To be sure, there is significant debate about the contours of the customary crime of aggression. Some scholars adopt the conservative view that only acts of aggression equivalent to the acts condemned at Nuremberg and Tokyo can be considered criminal under international law — namely, those that are designed to annex territory or control the resources of the invaded state. (This problematizes considering the invasion of Iraq to be criminal, unless one believes that the invasion was intended to control Iraq’s oil resources.) Others take the view that customary international law criminalizes any act that violates Resolution 3314, the UN Definition of Aggression. I take the former position, because I’m conservative when it comes to principle of legality issues. But it’s a debatable point. What is not debatable, though, is that at least some acts of aggression are criminal under customary international law. For Glennon to claim otherwise illustrates just how radically conservative his views really are.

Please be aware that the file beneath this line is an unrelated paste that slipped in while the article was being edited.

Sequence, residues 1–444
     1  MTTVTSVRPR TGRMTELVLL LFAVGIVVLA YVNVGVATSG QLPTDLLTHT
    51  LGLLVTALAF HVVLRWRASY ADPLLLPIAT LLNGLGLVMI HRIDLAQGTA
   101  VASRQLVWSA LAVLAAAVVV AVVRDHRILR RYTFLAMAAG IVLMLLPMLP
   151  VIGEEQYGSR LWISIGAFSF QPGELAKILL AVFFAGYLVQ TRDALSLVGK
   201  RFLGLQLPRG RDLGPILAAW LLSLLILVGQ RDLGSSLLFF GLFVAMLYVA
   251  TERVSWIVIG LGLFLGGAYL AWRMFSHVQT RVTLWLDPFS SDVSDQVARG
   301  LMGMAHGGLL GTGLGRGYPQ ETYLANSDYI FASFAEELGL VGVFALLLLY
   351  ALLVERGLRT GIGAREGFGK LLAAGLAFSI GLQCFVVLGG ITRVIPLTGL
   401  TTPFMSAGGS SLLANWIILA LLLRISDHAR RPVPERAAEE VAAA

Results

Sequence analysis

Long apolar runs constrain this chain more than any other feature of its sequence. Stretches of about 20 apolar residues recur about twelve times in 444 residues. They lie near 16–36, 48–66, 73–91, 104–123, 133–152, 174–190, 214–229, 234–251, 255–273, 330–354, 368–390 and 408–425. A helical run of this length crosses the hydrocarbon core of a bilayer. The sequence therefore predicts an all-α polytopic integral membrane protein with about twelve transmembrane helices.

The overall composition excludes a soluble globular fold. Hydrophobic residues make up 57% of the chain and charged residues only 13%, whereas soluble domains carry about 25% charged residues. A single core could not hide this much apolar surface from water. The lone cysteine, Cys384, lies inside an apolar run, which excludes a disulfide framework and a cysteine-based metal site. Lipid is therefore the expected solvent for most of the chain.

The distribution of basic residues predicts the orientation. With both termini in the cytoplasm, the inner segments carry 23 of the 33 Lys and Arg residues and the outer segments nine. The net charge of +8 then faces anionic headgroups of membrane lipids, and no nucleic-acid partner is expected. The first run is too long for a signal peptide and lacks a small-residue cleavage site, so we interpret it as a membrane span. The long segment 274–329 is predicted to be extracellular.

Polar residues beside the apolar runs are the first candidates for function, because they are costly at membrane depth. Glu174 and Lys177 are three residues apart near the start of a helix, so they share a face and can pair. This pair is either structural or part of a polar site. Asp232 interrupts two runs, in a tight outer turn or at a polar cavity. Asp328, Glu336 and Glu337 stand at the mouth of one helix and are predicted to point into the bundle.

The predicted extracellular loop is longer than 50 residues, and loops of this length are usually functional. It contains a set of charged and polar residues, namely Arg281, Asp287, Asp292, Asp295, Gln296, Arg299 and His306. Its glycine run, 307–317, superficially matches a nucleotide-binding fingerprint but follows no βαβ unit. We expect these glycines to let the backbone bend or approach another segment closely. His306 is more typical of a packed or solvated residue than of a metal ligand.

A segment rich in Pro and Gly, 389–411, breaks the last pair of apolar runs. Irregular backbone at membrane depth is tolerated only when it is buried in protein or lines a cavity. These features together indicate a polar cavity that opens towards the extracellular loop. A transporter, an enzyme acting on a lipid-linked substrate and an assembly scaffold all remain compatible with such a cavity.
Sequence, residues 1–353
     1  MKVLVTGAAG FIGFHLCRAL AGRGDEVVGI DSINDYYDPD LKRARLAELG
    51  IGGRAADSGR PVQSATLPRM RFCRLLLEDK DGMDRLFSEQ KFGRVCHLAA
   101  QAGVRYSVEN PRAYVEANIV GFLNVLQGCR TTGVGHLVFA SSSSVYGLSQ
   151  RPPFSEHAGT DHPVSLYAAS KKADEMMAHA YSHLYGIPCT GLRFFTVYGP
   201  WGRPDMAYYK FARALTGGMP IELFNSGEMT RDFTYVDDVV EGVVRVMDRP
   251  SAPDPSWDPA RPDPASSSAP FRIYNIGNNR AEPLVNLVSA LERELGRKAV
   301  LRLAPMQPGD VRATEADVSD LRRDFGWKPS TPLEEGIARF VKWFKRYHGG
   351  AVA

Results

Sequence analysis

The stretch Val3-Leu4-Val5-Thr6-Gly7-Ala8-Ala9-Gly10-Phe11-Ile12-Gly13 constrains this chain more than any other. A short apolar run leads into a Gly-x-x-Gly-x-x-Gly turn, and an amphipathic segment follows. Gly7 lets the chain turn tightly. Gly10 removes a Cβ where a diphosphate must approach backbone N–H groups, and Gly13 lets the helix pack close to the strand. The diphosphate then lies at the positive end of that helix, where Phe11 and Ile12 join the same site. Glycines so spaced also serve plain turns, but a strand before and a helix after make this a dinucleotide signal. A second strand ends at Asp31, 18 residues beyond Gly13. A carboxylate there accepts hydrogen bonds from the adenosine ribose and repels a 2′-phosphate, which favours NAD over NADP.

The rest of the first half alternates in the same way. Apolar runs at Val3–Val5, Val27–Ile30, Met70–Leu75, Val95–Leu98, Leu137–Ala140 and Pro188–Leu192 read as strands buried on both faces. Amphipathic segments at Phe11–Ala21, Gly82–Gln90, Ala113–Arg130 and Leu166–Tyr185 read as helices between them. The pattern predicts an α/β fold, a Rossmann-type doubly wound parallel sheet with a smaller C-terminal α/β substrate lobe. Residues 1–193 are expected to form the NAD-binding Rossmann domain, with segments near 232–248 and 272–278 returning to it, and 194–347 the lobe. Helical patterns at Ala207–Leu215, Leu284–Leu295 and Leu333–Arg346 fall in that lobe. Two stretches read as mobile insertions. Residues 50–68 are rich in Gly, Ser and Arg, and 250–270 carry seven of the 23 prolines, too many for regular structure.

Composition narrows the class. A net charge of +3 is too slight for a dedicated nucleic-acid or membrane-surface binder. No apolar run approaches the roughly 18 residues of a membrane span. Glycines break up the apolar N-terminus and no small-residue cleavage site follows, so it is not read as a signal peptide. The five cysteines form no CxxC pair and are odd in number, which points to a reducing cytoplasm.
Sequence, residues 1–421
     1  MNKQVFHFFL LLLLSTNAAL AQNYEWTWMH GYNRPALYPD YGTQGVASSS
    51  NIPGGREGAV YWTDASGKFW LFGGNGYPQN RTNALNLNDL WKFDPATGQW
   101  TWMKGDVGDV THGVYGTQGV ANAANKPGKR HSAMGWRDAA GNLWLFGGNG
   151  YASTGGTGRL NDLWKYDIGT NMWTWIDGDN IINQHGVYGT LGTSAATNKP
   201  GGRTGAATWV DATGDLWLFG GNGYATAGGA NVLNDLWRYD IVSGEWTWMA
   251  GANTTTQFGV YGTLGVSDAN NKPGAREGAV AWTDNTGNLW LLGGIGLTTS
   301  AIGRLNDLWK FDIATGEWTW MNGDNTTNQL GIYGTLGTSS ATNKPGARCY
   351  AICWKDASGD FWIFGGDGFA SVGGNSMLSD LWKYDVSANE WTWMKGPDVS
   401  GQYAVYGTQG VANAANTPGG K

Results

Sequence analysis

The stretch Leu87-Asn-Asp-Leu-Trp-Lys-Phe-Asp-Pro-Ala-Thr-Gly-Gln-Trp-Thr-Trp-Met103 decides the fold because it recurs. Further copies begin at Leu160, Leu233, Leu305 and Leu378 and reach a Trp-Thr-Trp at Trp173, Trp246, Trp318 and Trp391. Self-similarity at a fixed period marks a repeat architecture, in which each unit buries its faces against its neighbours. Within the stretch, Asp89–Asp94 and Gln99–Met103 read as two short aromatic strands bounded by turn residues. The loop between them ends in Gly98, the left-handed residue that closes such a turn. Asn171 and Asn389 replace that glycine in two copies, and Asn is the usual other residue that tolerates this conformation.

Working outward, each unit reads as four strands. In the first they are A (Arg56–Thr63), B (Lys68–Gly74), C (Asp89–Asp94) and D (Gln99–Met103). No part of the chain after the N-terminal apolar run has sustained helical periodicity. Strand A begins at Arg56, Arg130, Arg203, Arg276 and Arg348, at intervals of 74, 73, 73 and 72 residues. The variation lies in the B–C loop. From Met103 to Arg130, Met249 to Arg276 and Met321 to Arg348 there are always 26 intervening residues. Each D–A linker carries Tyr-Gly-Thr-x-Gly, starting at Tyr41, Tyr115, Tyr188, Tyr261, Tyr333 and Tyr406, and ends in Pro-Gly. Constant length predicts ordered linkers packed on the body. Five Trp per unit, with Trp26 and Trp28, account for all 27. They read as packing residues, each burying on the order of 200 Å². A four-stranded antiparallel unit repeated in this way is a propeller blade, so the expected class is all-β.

I agree with Ken that Glennon’s article is interesting and well worth a read. But readers would be well advised to take his conclusions with a very large grain of salt.